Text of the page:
Let her breathe, let her have her rights!
The ancient Indian is said to have witnessed the golden times in every aspect including the rights of women. The society being more liberal and open minded saw women as equals and the fairer sex enjoyed being themselves.
With the gradual but drastic change in the society, the status of women has been descending since ages and it continues to do so, threatening the very foundation of the society. People fail to understand that it’s a woman who nurtures and builds a family and families make a society. A failed family would weaken the social order and failed families would decay the base of the civilization, which in time would crumble down.
To begin with, women need education. Lack of education makes a woman vulnerable in day to day life.
She might be able to do simple math to buy her groceries but she won’t know if she is being cheated in the deals.
She might send her children to tutorials to get the best of education and pass all the examinations with flying colors, but she won’t be there when her children are being misled by wrong information.
Her illiteracy would mean her unawareness and apathy towards current affairs, social issues and the most important factor, her Rights.
That brings us to the Constitutional Rights and privileges. How many women, educated or uneducated know their fundamental rights? Hardly 10% and I would not be surprised if the percentage is lower than what I mentioned. It’s sad how even the educated ones are ignorant towards their rights and privileges.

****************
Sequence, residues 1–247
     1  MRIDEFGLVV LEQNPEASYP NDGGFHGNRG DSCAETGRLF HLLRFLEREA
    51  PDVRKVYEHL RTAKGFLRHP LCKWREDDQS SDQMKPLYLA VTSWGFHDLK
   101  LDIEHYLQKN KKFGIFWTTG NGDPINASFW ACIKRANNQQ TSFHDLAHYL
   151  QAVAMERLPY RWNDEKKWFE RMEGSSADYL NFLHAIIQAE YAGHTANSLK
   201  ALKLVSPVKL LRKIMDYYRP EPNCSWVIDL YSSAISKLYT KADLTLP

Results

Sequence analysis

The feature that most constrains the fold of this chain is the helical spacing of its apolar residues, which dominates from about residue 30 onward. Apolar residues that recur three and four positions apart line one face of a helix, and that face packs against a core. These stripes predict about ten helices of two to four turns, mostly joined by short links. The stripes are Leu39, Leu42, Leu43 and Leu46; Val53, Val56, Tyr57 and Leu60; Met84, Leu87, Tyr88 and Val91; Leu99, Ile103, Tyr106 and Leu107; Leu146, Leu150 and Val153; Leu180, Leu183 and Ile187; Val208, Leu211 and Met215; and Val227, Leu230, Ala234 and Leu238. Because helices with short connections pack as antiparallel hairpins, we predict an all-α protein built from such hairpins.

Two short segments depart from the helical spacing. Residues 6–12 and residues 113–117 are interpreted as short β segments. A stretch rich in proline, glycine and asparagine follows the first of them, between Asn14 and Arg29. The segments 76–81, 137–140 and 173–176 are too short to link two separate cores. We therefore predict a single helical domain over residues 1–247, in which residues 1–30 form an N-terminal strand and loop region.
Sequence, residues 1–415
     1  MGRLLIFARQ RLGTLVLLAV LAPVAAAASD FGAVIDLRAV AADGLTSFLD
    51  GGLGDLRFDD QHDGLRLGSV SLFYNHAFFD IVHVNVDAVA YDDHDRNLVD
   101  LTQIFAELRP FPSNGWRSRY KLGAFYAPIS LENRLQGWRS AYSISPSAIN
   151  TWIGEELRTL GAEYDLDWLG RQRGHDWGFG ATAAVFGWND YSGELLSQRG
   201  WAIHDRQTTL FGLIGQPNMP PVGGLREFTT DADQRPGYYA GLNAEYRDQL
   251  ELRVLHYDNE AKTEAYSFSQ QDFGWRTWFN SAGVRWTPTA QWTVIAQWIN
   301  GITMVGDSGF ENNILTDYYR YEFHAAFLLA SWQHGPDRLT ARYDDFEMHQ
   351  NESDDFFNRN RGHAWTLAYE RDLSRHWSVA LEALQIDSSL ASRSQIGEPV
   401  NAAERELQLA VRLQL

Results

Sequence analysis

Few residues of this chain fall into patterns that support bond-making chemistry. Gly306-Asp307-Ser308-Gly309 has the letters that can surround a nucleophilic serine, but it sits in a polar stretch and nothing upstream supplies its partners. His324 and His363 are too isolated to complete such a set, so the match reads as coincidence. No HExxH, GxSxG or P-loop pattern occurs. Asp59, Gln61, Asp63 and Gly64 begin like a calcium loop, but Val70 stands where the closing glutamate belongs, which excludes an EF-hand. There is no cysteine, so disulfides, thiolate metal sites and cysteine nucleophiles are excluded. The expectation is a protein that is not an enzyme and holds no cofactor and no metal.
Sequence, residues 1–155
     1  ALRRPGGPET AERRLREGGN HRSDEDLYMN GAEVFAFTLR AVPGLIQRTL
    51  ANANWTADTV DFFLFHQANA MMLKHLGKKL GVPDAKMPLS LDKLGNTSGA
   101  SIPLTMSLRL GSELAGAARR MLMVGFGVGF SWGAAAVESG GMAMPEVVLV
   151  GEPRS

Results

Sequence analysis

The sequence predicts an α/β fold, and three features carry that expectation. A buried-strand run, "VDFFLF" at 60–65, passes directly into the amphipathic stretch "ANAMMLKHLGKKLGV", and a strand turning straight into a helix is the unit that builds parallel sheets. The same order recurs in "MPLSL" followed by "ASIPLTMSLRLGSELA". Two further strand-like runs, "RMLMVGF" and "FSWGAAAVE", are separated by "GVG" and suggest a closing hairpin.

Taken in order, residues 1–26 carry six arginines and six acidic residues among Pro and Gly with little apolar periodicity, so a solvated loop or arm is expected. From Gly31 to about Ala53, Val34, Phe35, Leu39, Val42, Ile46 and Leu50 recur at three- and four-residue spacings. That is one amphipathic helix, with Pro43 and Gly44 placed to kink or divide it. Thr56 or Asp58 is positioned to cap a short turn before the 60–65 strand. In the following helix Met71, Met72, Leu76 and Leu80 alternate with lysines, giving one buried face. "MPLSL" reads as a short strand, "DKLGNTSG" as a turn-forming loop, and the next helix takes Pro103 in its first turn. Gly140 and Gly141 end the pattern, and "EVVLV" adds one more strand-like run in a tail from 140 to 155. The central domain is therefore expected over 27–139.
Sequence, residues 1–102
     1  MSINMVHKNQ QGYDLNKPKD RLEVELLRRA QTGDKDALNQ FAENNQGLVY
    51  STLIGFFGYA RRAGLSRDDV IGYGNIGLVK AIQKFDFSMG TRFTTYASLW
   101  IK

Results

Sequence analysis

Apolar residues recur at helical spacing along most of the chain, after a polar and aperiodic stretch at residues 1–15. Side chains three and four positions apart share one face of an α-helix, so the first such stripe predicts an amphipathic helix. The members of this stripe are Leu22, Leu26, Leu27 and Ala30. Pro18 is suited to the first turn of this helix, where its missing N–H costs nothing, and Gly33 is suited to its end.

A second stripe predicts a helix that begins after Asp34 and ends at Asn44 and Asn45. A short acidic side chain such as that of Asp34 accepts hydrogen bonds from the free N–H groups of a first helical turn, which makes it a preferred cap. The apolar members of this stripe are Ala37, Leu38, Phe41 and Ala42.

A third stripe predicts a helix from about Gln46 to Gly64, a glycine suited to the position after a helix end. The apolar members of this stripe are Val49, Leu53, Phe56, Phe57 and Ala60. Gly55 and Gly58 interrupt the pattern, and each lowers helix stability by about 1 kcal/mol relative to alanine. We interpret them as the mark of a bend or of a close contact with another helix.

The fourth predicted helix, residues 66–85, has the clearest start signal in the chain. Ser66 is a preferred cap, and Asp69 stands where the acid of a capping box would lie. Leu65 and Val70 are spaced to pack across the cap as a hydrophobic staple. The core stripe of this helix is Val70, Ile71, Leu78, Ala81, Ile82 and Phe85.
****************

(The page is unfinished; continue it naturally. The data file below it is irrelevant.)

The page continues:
This apathy is further encouraged by those sections of the society who want to be in power by making women remain inferior, by not encouraging them to illuminate themselves with the deep knowledge of social, economical, political, legal and constitutional factors.
Furthermore, women are stripped off of the most important right, which is to live like a human being. The social stigmas that linger around us like leeches make it harder for a girl to live her life from the time she is a mere fetus.
It starts from even before her birth. A girl child is often considered a burden, an unwanted mouth to feed. She will marry and take loads of dowry with her and until that happens she needs to be fed and clothed; a loss, whereas, a son would stay with the family, earn a living and bring dowry; a profit it is.
Even when a girl is brought to this world, many families don’t raise her the way a child needs to be. She is discriminated against, time and again, she is told why she can’t have the life her brother has and this thought is carved within her soul that, this is how it should be. To make it worse, the boys of the family are raised with these values, and the tradition passes on from generation to generation.
The bias is all around us. It never ceases to make its way into every aspect of our lives. These people, both men and women who suppress the identity, the very being of a woman truly lack the understanding of the essence of a harmonious and developed nation.
Compassion can not be taught, it’s something that comes with values and principles imparted within family and when one begins to treat others like humans without any discrimination, however, education and awareness make a huge difference and we as responsible citizens and social beings should encourage it as and when we can.
Equality will only bring balance and harmony to the society, whereas, the mere fear of losing power that creates such inequality will result in doom of our now so called “civilization”.
This is a guest article by Namrota Mazumdar who writes at http://namrota.blogspot.in/